How to Shoot Day and Night Scenes with One Setup and White Balance
Utilizing the sun to shoot day for night is a common practice. But how can you avoid fighting the shifts in natural light to shoot a night or day sequence with just one setup? Let’s find out!
For the film-savvy among us, Day for Night is a 1973 French film directed by François Truffaut. But the production-oriented folks of the group see day for night as a technique to shoot in sunlight but grade the image as if it were night.
However, fighting the ever-evolving sunlight, or moonlight for those shooting on Sony, can be an uphill battle that would have your production scrambling to finish your pages for the day.
Here’s where Rob Ellis comes in. By using one lighting setup at night, Ellis was able to shoot a morning scene, and a moonlit night scene by simply adjusting his white balance and the color grade.
As seen in Ellis’ video, the scene was light with two lights. One for ambient soft light, and the other for direct sunlight/moonlight.
One Lighting SetupCredit: Rob Ellis
What’s interesting about his exploration in mimicking the sun and moon is that Ellis discovered that both sources produce hard light with harsh shadows, with moonlight being a less intense light and giving the appearance of soft light.
Because of this discovery, Ellis was able to use the same lighting setup to shoot both lighting scenarios. Since both sources that he was trying to mimic are the same, no changes to light were made.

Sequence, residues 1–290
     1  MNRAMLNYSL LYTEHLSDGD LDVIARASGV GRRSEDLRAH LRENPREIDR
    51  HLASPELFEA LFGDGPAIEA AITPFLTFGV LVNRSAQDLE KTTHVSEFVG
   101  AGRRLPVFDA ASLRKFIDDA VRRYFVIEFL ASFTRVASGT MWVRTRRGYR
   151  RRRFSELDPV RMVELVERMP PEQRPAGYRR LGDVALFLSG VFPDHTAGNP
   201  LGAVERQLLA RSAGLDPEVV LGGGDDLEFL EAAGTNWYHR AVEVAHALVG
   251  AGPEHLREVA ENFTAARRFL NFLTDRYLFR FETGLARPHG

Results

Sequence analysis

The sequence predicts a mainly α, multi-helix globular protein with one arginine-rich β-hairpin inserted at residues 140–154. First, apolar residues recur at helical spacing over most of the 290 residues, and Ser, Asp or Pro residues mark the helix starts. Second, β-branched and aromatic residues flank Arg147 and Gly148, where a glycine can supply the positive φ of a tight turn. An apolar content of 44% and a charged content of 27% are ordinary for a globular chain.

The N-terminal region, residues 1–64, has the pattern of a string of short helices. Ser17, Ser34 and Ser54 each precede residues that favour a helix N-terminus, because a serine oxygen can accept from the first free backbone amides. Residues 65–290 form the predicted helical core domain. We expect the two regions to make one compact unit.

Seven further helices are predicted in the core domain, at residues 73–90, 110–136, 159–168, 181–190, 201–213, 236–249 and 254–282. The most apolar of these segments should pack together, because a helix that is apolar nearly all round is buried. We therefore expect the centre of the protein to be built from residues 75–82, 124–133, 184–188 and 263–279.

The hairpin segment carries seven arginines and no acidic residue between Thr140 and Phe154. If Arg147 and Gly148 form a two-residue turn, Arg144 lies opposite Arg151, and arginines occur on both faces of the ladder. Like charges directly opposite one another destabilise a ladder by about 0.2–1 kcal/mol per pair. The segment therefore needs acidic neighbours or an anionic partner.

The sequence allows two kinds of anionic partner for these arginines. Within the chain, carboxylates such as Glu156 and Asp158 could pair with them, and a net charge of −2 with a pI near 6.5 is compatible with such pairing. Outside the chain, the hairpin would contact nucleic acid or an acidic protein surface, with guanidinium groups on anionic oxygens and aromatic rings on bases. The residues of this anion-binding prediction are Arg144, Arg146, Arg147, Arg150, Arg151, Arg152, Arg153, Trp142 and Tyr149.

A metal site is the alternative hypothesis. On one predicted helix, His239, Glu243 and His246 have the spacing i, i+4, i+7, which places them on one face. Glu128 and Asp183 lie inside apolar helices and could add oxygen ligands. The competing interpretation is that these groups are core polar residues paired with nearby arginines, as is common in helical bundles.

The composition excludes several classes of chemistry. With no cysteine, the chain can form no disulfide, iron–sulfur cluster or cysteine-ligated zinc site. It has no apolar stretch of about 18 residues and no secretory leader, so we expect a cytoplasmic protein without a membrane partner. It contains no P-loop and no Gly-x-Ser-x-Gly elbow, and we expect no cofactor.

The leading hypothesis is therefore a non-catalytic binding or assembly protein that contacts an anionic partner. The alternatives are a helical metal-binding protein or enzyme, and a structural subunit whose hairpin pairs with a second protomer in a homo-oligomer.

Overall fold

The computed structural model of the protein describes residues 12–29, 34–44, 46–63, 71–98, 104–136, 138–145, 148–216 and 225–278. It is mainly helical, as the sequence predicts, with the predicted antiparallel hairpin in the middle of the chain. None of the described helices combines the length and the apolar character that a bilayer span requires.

Due to the way human eyes perceive daylight and moonlight, the only adjustments that were made to these scenes were white balance and shadows.
Light From Sun & MoonCredit: Rob Ellis
On the Topic of Lighting
While Ellis shot the entire scene at night in order to have more control over his lighting, larger-scale productions utilize a similar concept during the day.
When shooting in an interior, filmmakers block out the sun with negative fill or even black plastic bags and then remake the sun with high-powered lights such as HMIs.
For budget filmmakers, these types of setups may be financially difficult to achieve, as they require more grip gear and crew to set up. By using Ellis’ technique, creatives can achieve similar results with a smaller footprint.
Larger productions have the luxury of creating expensive setups to achieve their desired results. But that doesn’t mean budget creatives should ignore these concepts and try to reinvent the wheel.
Sometimes, the wheel is just what you need. All that you need to do is adjust how you’re using it.
Source: Rob Ellis